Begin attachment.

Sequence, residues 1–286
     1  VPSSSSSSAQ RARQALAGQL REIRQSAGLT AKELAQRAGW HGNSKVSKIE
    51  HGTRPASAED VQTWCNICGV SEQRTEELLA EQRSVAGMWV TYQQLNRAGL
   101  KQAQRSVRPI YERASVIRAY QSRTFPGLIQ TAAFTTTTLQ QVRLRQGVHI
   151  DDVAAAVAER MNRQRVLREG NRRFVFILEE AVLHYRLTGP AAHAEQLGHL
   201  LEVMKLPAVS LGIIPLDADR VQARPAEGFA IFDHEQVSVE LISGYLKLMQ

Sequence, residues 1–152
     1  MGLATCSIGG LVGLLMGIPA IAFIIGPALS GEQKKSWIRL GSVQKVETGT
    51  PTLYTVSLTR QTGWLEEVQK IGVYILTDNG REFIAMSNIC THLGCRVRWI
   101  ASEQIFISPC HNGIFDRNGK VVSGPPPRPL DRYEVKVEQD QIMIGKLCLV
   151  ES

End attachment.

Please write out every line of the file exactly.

Sequence, residues 1–286
     1  VPSSSSSSAQ RARQALAGQL REIRQSAGLT AKELAQRAGW HGNSKVSKIE
    51  HGTRPASAED VQTWCNICGV SEQRTEELLA EQRSVAGMWV TYQQLNRAGL
   101  KQAQRSVRPI YERASVIRAY QSRTFPGLIQ TAAFTTTTLQ QVRLRQGVHI
   151  DDVAAAVAER MNRQRVLREG NRRFVFILEE AVLHYRLTGP AAHAEQLGHL
   201  LEVMKLPAVS LGIIPLDADR VQARPAEGFA IFDHEQVSVE LISGYLKLMQ

Sequence, residues 1–152
     1  MGLATCSIGG LVGLLMGIPA IAFIIGPALS GEQKKSWIRL GSVQKVETGT
    51  PTLYTVSLTR QTGWLEEVQK IGVYILTDNG REFIAMSNIC THLGCRVRWI
   101  ASEQIFISPC HNGIFDRNGK VVSGPPPRPL DRYEVKVEQD QIMIGKLCLV
   151  ES